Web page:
In Wolfenstein 2's Quietest Chapter, Evil Hides in Plain Sight

In Wolfenstein 2's Quietest Chapter, Evil Hides in Plain Sight

Wolfenstein 2: The New Colossus shows players that Nazism was in America's DNA all along.

Spoiler Warning: This article contains spoilers for early moments in Wolfenstein 2: The New Colossus, up to the end of Chapter Five, taking place in Mesquite, Texas.

When Wolfenstein 2: The New Colossus opens, we're not face to face with Nazis and armed to the teeth with guns. We're face to face with BJ Blazkowicz's own mother, a seemingly tender woman, tucking BJ's kid-self into bed. BJ, close to death after dealing a fatal blow to a major arm of the Nazi regime, is obviously seeing his life flash before his eyes. It's a poetic almost-death. Then he doesn't die, he wades through his memories over the course of a few months. Comatose. Almost dead.

In these memories, we meet his father too, a cruel racist and bigoted man. He treats his wife and his son like shit, to put it almost too simply. The first time BJ ever fires a gun is by force: his dad puts a rifle in his hand, his darling dog in front of him. He tells BJ to shoot; I directed BJ to miss. Off screen, BJ's dad shot the dog instead. As we live through these flashbacks—BJ's mom being ridiculed for being a Jew, BJ himself being insulted for befriending a black neighbor—the months just fly by, until BJ's spun awake by the need to kill Nazis (as with the first game, as I wrote in my review).

Much, much later in the game's quietest chapter, after detonating a nuclear warhead far, far away, BJ makes a detour to the home he grew up in, buried in the outskirt town of Mesquite, Texas. It's a rarity in what we've seen so far of America. It's not a post-apocalyptic hellscape, like the bombed out city of Manhattan, nor is it pristinely uncomfortable (and very, very white) like Roswell (or as Kotaku's Heather Alexandra more fittingly describes the city in her review, "so fucked up."). BJ's family home instead feels just like a place caught in the middle; a plot of land lost to time.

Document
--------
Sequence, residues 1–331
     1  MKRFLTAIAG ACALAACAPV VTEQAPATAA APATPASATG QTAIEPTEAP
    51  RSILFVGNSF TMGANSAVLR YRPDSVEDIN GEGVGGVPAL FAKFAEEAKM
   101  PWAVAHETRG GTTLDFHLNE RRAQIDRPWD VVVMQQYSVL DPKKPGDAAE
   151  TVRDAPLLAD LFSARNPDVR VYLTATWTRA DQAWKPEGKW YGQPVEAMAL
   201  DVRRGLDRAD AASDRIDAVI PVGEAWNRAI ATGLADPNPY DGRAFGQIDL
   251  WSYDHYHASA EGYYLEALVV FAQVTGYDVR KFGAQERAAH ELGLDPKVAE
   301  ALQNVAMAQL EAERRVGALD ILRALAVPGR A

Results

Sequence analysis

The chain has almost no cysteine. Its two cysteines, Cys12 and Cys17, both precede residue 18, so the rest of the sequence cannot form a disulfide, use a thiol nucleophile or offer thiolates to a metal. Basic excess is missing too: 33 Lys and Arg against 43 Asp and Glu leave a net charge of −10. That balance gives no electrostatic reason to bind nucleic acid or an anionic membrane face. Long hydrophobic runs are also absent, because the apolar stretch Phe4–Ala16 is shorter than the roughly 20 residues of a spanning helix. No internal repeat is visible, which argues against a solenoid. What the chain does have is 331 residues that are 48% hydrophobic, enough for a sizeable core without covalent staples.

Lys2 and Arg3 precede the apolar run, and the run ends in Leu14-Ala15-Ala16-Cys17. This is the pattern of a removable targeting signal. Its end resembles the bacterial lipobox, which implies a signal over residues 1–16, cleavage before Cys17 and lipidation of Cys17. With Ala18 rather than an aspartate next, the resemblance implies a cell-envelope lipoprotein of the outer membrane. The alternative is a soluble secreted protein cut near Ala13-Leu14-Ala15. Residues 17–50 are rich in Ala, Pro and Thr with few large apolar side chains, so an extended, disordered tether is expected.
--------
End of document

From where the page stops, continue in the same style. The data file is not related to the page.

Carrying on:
Post-game (or late game, I suppose), when you return to Mesquite, Texas on an Enigma Code mission, you're on a faux-movie set version of it.

It's a home he carries conflicted feelings with. But he's back anyways to grab a family heirloom as a surprise for his pregnant partner, Anya. We go with him through memories of befriending the adorable Billie, a girl that shares a name with him. When they meet, it's a bittersweet meet cute from what we typically see in movies and the like. BJ reiterates the garbage things his father's fed into him about black people; Billie snaps right back, saying "My momma say white folks is mean as all get out." Bonding over these stories they become fast friends, and skip off to catch tadpoles together. At one point in a future memory, Billie whispers in his ear under the sweet shade of a tree that she thinks he's handsome. BJ flashes back to reality, and finds himself staring at a sketch of "B + B" carved into a tree, with a heart encircled around it. "Are you out there somewhere, Billie? Inclined to this day," BJ solemnly thinks aloud. "To endure amongst the living?"

Deep down, it's hard to consider what's the better outcome. Death, or suffering through life under Nazi rule as a black American in Nazi America. Neither outcome seems ideal.

In Mesquite is also where we learn more about BJ's dad. We learn that like all abusive people, he wasn't a horrible person all of the time. In one flashback, BJ's dad hands his son a BB gun when he wakes up in the middle of the night from nightmares. Together as a family, BJ and his parents slowly walk to the basement, BB guns raised, only to find no monsters there. BJ's confronted his fears, and he feels a little better.